TSA, LAX begin testing new technology that helps detect drones

Through a partnership with the TSA, LAX becomes second airport chosen to test new drone detection technology.

Ashley Mackey Image
Friday, August 26, 2022
EMBED <>More Videos

Through a partnership with the TSA, LAX becomes second airport chosen to test new drone detection technology.

LOS ANGELES (KABC) -- It's a dangerous problem at one of the busiest airports in the country. Last calendar year there were 50 drone sightings at Los Angeles International Airport and for this year, there have already been 38. LAX officials said drones pose a significant safety and security risk.

"If a drone was to enter the space as you see with the aircraft taking off and landing, and a pilot having to make a quick decision and divert from that flight path that he or she is on that could be a huge issue for both the safety of the passengers, the safety of the folks on the ground, it just creates all types of challenges," said Keith Jefferies, the federal security director for TSA at LAX.

Now, the TSA is getting involved. Through a partnership with LAX, the TSA has begun testing drone detection technology designed to detect, track and identify drones, also known as unmanned aircraft systems. LAX is only the second airport to be chosen as a testing location. With the new technology, they can not only detect the drones, but they can also see what the drone sees if it has a camera and identify where the pilot of the drone is.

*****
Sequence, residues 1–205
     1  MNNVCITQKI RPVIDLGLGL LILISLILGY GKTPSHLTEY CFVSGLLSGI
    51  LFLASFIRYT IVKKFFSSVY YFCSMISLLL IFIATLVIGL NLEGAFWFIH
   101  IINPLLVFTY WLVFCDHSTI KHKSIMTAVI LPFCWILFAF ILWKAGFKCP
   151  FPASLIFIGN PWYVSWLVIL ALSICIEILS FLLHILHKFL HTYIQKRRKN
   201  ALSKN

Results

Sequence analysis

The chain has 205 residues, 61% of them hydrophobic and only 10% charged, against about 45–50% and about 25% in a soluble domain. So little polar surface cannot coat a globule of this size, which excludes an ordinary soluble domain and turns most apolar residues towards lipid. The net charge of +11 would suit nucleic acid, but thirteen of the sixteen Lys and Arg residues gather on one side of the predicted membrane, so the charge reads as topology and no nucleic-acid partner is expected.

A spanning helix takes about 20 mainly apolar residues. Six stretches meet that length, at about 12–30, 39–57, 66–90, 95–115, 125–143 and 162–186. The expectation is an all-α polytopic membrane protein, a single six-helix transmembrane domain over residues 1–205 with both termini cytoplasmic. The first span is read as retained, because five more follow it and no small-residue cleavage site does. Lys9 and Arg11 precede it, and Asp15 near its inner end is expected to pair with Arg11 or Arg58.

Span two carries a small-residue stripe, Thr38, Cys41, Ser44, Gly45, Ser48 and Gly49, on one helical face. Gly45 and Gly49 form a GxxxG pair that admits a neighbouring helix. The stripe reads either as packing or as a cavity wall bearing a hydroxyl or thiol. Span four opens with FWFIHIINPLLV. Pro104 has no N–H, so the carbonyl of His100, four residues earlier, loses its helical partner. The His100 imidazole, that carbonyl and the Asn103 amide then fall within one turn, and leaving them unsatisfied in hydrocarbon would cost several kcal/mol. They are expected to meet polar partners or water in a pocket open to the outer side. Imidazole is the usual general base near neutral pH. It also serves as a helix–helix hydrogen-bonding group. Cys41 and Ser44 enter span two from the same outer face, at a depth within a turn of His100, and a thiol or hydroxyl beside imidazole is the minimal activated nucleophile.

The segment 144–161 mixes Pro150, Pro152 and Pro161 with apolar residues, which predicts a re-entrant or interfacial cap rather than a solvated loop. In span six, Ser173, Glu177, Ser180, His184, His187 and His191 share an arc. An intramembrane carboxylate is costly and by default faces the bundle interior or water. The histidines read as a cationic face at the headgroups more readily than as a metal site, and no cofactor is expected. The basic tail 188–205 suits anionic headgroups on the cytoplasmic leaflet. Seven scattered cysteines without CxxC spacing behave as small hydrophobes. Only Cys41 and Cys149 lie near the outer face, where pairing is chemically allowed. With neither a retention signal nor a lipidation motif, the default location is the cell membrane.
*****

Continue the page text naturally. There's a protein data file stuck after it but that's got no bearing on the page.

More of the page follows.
"I can't think of a better place to test technology, learn from it, validate it and verify it and then determine if it's effective and suitable to not only detect track and identify drones, but then help us with all the other airports nationwide," said Jim Bamberger, a TSA capability manager.

LAX officials said, they've had to rely on pilots reporting the sightings to document how many drones have come in to the LAX airspace. You may remember reports of what appeared to be a man seen flying on a jet pack. This new technology would be able to quickly identify such activity.

"Now we're able to detect every single drone that comes, not only in the airspace but around us, so drones that aren't a danger, we can still detect them to see if they ever will become a danger," said Justin Erbacci, CEO of Los Angeles World Aiports.

According to officials, Congress needs to reauthorize the program by October 5 or the program could potentially disappear.

Follow Ashley on social media:Facebook.com/abc7ashleyTwitter.com/abc7ashleyInstagram.com/abc7ashley